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Homily for the Solemnity of the Most Holy Trinity, Year B

Why do we need the Bible? Why do we need the Church? Surely we can just

work things out for ourselves? Maybe if we do away with the Church, and put

the Bible to one side, maybe we could be in a better position to enter into

dialogue with other faiths and religions, and work towards world unity in

faith? What do you think? Well, personally, to put it politely, my response is “I

would rather not, as it wouldn’t lead to anything of any real value, in fact quite

the opposite”.


So why do we need the Bible, the Church, and something called Sacred

Tradition as well? St Thomas Aquinas, one of the great thinkers in the Church,

put it this way (I’m paraphrasing): yes, there are certain things we can work

out for ourselves. But there are other things that we might only partially get

right, mixed together with certain points in error, and there are other things that

we might never be able to work out for ourselves without divine revelation.

The pre-eminent example he gives of this is the doctrine of the Most Holy

Trinity.


Without divine revelation, we would never be able to work out, just for

ourselves, that there is one God who is also three persons: Father, Son and

Holy Spirit. And despite having the Bible, and also Sacred Tradition, which

means various documents, sermons and so on written in the early years of the

Church, there are always new challenges, which requires the need for the Holy

Spirit to guide the Church to keep her true to what is right and to avoid new

errors.


The divinity of the Father has never been called into question, apart perhaps by

atheists, but the divinity of the Son has. In the fourth century, the bishop Arius

decided that the Jesus was fully human, but not fully God, but rather of lesser

status than the Father. But if He isn’t fully God, that then creates problems of

how we understand Christ’s redemption of the human race. It is by being fully

man that He is able to stand in our place and represent the whole human race;

it’s by Him being fully God that He is able to pay the price of our redemption,

offering a sacrifice of infinite value, and enabling Him to be the bridge between

God and humanity.


Arius was rather skilful with his reasoning, and also managed to put his ideas to

music so they could be sung in taverns and easily understood and spread. But

he was wrong. The bishops and theologians of the Church met at Nicaea, and

the rest, as they say, is history. The Church put together a statement of true,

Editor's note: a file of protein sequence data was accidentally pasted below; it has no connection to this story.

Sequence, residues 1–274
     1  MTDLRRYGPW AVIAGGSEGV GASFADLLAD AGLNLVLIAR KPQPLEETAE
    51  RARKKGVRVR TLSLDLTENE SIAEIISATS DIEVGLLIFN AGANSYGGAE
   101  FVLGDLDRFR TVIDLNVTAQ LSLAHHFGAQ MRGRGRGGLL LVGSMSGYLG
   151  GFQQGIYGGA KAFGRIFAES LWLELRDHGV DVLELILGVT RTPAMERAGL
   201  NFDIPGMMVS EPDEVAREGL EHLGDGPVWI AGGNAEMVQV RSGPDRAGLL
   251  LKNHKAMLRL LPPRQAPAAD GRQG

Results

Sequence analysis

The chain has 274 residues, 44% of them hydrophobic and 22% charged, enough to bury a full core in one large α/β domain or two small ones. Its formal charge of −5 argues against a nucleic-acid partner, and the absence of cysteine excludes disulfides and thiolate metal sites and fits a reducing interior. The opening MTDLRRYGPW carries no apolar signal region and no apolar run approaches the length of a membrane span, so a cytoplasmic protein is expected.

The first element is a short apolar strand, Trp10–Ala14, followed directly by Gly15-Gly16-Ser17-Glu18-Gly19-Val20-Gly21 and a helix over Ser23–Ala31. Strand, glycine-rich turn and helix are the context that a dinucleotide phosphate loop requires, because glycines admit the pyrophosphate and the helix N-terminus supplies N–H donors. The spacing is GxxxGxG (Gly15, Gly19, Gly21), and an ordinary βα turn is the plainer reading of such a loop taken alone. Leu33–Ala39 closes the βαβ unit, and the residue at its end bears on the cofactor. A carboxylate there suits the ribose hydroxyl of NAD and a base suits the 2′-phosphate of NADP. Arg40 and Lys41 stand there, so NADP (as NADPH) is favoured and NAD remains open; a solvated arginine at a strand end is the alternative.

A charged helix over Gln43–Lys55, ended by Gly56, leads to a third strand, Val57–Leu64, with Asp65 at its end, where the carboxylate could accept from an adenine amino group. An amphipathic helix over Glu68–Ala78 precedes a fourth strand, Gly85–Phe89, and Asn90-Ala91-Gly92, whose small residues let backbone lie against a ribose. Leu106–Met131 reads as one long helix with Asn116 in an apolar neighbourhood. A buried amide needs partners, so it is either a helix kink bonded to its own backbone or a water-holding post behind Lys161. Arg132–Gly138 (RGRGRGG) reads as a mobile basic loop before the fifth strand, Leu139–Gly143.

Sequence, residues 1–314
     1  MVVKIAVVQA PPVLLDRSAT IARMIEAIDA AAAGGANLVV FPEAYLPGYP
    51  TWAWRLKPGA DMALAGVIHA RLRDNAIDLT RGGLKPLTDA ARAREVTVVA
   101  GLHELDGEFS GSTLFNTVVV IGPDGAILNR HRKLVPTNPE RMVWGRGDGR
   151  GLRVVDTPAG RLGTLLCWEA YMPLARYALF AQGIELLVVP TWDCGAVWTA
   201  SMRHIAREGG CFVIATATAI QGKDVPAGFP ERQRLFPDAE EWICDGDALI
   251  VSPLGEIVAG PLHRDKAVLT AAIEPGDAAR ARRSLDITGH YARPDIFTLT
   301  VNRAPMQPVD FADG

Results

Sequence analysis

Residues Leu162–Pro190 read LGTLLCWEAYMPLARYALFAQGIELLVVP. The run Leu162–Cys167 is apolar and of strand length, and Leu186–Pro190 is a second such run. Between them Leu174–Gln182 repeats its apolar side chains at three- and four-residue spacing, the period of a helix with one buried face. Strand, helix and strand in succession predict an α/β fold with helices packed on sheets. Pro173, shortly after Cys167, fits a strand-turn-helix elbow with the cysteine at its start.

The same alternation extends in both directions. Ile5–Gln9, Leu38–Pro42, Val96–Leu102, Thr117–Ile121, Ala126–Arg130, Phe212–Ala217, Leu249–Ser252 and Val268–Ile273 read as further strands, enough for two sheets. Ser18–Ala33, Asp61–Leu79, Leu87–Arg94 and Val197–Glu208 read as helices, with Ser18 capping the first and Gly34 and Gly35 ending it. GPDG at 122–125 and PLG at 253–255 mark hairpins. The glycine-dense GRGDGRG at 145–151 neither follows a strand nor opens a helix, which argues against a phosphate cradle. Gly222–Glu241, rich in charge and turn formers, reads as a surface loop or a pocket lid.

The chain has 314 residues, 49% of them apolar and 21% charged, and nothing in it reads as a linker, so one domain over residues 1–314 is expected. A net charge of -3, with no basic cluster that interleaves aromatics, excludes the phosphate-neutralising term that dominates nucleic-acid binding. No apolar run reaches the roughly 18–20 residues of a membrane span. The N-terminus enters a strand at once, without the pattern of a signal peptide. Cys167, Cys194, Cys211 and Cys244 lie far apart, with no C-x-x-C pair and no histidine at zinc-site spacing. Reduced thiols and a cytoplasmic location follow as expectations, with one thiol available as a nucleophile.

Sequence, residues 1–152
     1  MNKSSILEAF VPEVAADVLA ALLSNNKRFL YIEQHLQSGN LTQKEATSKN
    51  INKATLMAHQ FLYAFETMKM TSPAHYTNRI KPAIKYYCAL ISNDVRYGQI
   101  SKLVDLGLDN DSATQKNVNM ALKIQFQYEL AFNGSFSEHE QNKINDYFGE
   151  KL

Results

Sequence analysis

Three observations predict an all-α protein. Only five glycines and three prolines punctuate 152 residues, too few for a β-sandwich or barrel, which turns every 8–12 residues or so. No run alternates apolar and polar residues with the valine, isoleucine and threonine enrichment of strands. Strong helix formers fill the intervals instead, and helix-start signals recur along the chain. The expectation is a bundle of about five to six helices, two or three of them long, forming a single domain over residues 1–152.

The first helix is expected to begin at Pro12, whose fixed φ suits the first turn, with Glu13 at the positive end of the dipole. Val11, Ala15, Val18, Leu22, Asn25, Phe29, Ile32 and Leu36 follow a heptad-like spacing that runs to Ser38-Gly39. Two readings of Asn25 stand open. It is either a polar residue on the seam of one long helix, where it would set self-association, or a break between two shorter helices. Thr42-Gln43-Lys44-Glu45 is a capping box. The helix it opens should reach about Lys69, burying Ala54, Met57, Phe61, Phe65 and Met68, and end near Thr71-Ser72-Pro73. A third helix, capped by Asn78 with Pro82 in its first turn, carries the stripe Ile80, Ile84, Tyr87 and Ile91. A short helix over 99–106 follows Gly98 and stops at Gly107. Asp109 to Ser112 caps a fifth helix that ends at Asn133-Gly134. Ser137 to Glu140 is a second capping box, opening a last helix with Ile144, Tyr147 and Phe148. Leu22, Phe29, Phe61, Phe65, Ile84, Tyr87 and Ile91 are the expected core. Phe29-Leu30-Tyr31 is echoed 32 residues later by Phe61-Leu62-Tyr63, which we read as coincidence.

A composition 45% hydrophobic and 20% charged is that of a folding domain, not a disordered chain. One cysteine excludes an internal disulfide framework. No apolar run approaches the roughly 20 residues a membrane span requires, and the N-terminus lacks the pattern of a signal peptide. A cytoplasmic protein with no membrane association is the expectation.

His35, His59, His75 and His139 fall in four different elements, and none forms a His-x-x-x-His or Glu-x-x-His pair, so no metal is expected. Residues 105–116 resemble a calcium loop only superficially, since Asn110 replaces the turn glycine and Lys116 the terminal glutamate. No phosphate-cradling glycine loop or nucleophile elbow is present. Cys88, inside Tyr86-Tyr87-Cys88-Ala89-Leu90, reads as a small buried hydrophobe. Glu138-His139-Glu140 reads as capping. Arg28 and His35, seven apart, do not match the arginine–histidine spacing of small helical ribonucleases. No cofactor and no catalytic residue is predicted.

orthodox belief, which we now call the Nicene Creed, although it was later

added to with further detail and explanations. So it required the Holy Spirit,

working through the Church, to dispel wrong reasoning and to call the Church

to unity.


We have to be so careful when it comes to our understanding and description of

the Most Holy Trinity. In fact, things can be so subtle that in the Nicene Creed,

one letter made all the difference. When we profess that the Son is

consubstantial with the Father, the Greek word used is homoousios, saying that

the Father and the Son are of the same substance, which in Latin is

consubstantialem, hence the English word consubstantial. Arius wanted to say

that the Son is not of the same substance, but of a similar substance to the

Father, which involves adding an extra Greek letter iota, to read homoiousios.


Fast-forward now to our present era and the sacrament of baptism. I mentioned

last week that we can’t replace God as Father, Son and Holy Spirit with God as

Creator, Redeemer and Sanctifier. In today’s Gospel, Christ tells the disciples

that they should baptise “in the name of the Father and of the Son and of the

Holy Spirit, and teach them to observe all the commands I gave you”. In recent

times, Rome has pointed out that baptisms using “Creator, Redeemer and

Sanctifier” are in fact invalid, and this was re-affirmed in the document Gestis

Verbisque which came out on 2nd February this year. It also mentioned that, in

some places, some have changed the formula to “In the name of your dad and

mom ... we baptise you”, which has meant that people invalidly baptised this

way have had to be tracked down and have their baptism and confirmation

repeated. There was even the case of a young priest who discovered he had

been invalidly baptised, and had to be baptised, confirmed, receive his First

Holy Communion, be ordained, etc. etc. All because someone decided to do

things differently at his baptism.


Today we confess that there is one God who is three persons, Father, Son and

Holy Spirit, that all three persons are equally God. We also recognise our need

for God’s revelation, made clear to us through the Church. We recognise that

our own private reasoning is not infallible and that others in the past have gone

wrong, and we give thanks for Holy Spirit working through the Church,

keeping us on the straight and narrow.

 

Curious about exploring things further?  If you would like to ask further questions about the topics raised in these homilies (or maybe think it wasn’t explained too well!), please feel free to e-mail Fr Michael at stjoseph.thame@rcaob.org.uk

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